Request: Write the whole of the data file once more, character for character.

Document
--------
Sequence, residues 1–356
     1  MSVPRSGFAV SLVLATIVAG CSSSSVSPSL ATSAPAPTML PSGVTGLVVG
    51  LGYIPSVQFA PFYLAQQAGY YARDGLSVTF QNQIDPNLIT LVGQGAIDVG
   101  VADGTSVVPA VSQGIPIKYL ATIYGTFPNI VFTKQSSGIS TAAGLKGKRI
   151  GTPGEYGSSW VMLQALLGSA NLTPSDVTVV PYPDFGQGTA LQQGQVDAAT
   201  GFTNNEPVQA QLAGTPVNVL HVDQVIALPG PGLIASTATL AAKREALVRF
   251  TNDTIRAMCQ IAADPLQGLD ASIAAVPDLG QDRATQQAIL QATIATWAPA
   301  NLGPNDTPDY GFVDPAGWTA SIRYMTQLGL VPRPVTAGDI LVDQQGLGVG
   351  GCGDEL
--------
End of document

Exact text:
Sequence, residues 1–356
     1  MSVPRSGFAV SLVLATIVAG CSSSSVSPSL ATSAPAPTML PSGVTGLVVG
    51  LGYIPSVQFA PFYLAQQAGY YARDGLSVTF QNQIDPNLIT LVGQGAIDVG
   101  VADGTSVVPA VSQGIPIKYL ATIYGTFPNI VFTKQSSGIS TAAGLKGKRI
   151  GTPGEYGSSW VMLQALLGSA NLTPSDVTVV PYPDFGQGTA LQQGQVDAAT
   201  GFTNNEPVQA QLAGTPVNVL HVDQVIALPG PGLIASTATL AAKREALVRF
   251  TNDTIRAMCQ IAADPLQGLD ASIAAVPDLG QDRATQQAIL QATIATWAPA
   301  NLGPNDTPDY GFVDPAGWTA SIRYMTQLGL VPRPVTAGDI LVDQQGLGVG
   351  GCGDEL